The secret of the highly improbable but undeniable success of the new ‘60s musical revue What’s New Pussycat — The Soundtrack of an Era at Broward Stage Door is encapsulated in the second-to-last musical number.
Despite the death of director Laura Ruchala, Evening Star Productions’ The Comedy of Errors is a rollicking ebullient edition of Shakespeare’s farce of mistaken identities. Ruchala’s playful play-filled vision embraces every stripe of daft and deft comedy from Will’s word play to slapstick.
When Mad Cat Theatre Company finds the right groove with the right piece as it has here with Centralia, even hidebound traditionalists need to recalibrate their definitions and expectations of “theater.” It’s clothed in the premise of small town residents putting on a show to raise funds for their town, which was decimated by an environmental disaster.
So the Cowardly Lion walks into a gay bar…. That premise pretty reliably lets you know that you must be watching the new edition of Shorts Gone Wild 2, the mildly risqué festival of short plays with a LGBT underpinning.
Sitting under a tent, sweating through the swelter, watching a faithful facsimile of a revival might not seem appealing to your everyday theatergoer. But bring an open mind to Thinking Cap Theatre’s play Church and savor a thought-provoking, exuberant even entertaining evening.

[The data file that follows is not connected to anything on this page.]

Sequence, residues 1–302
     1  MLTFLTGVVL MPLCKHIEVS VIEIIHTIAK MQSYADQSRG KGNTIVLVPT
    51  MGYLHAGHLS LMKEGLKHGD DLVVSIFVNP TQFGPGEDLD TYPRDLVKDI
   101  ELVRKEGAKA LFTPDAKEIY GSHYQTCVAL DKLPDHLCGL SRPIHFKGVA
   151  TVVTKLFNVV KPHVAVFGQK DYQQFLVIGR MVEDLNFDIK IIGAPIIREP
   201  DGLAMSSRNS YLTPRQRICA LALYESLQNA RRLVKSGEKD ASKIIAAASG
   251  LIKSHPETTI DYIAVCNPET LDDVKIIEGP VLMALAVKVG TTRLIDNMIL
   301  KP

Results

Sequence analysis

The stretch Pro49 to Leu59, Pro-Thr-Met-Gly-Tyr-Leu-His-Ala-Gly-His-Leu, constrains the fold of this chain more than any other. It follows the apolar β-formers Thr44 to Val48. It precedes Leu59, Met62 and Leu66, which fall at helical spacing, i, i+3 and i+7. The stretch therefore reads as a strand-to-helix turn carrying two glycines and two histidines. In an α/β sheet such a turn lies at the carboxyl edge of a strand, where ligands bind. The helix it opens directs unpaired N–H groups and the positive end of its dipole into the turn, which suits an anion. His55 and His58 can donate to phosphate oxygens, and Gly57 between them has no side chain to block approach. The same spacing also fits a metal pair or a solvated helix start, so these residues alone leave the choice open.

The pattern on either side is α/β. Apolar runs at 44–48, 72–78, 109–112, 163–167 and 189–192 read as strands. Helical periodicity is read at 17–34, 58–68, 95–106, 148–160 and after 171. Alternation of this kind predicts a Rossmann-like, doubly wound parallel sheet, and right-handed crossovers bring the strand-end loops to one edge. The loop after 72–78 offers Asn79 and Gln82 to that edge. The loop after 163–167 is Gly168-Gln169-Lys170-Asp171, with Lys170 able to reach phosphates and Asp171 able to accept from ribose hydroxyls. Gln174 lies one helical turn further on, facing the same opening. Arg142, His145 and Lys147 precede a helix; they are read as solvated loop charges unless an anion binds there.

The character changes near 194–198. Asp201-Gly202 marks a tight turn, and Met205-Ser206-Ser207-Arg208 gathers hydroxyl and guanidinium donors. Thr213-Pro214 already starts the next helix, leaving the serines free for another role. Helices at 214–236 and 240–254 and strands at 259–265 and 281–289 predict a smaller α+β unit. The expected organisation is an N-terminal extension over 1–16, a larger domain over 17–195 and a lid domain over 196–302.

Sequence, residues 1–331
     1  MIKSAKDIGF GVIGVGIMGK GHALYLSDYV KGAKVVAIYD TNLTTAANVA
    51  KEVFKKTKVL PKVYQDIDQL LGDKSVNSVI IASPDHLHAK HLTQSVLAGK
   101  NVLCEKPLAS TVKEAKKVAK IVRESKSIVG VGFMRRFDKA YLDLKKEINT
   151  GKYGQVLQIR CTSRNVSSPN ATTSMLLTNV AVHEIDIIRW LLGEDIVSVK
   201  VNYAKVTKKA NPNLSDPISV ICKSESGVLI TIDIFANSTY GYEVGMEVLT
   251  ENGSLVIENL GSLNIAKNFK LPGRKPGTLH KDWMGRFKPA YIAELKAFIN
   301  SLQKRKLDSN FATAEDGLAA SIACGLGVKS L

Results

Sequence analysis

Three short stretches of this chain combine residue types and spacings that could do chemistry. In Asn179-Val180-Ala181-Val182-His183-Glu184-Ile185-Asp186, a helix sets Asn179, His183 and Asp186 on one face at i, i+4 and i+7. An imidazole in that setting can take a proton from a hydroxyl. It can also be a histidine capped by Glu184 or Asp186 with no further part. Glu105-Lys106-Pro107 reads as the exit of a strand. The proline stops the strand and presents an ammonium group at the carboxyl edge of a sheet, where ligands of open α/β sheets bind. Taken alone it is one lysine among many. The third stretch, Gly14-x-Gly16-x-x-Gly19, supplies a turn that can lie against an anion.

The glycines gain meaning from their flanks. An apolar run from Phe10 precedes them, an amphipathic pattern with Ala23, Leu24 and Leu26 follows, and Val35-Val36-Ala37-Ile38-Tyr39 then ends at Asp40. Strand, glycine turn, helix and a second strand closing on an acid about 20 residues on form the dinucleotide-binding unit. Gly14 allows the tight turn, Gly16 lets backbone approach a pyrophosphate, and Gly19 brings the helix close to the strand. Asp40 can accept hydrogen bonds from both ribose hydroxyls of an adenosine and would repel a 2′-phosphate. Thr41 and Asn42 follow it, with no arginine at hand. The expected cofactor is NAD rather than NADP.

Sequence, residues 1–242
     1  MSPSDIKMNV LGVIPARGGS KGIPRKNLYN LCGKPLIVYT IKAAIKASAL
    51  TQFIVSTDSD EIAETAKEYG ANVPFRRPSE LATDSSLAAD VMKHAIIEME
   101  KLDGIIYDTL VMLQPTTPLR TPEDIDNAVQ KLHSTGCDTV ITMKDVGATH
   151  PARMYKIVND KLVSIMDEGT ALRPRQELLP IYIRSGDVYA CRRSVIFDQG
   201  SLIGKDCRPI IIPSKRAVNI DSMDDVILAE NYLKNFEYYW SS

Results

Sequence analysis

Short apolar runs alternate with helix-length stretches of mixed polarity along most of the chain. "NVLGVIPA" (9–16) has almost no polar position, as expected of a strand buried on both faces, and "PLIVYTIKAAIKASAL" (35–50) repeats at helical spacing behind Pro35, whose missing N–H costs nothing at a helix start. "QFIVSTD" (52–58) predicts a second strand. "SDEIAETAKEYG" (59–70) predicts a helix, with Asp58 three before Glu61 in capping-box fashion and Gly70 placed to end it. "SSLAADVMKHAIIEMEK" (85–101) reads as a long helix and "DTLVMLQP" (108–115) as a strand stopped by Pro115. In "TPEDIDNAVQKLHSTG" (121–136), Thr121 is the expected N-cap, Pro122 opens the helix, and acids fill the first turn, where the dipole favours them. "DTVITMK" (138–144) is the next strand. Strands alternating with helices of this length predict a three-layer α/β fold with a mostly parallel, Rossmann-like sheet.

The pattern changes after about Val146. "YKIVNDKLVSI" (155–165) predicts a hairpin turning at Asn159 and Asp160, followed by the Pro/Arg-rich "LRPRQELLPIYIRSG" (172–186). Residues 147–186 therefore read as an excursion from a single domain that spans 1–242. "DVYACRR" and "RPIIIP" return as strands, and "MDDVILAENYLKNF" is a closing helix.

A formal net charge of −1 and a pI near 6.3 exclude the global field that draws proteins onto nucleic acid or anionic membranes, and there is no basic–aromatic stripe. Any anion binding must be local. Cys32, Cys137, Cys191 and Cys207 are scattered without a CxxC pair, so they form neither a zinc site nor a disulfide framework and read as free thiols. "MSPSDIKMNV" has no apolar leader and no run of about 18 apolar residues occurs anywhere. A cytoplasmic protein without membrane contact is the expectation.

The script for 1969′s Butterflies Are Free, holds up much better than you’d expect at its revival at Broward Stage Door. But while Stage Door’s edition under director Michael Leeds is a pleasant enough afternoon’s diversion of humor and emotion, it’s never terribly compelling and the whole thing could use more pizzazz to make it feel satisfying.
Jungle Fantasy is one of a dozen Cirque Dreams’ productions that surround pretty impressive circus acts in otherworldly music, fluid lighting and spectacular costumes filled out by ultra-buff bodies. This edition has played all over the world since 2008 but it’s the first time that Neil Goldberg’s Pompano Beach-based company has brought it home to Broward.
Worldless, disconnected, as neutral and interpretable as a Rorschach ink blot, H2OMBRE is a Cirque du Soleil-like show designed by and aimed at people raised on comic books and fantasy flicks. Anyone seeking a conventional definition of theater will be appalled. But this creation will close in on sheer nirvana for those seeking an immersive experience akin to a South Beach club erected at Comic-Con.
These fluffy summer fripperies at Actors’ Playhouse must be successful because here’s a sequel Mid-Life 2: the Crisis Continues, the off-spring of 2008’s Mid-Life! The Crisis Musical. Once again, the same folks have achieved precisely what they sought: a fun, light-hearted divertissement, but the varied quality of the material is not worthy of the skill, talent, polish and unflagging commitment of the cast and crew.
Samuel D. Hunter’s The Whale at GableStage focuses on a morbidly obese man wanting to reconnect with his abandoned daughter before his imminent death. But the darkly funny and affecting play — awash in profanity, cynicism, alienation and fatalism — reveals itself to be about hope rooted in the innate decency inside scalded souls.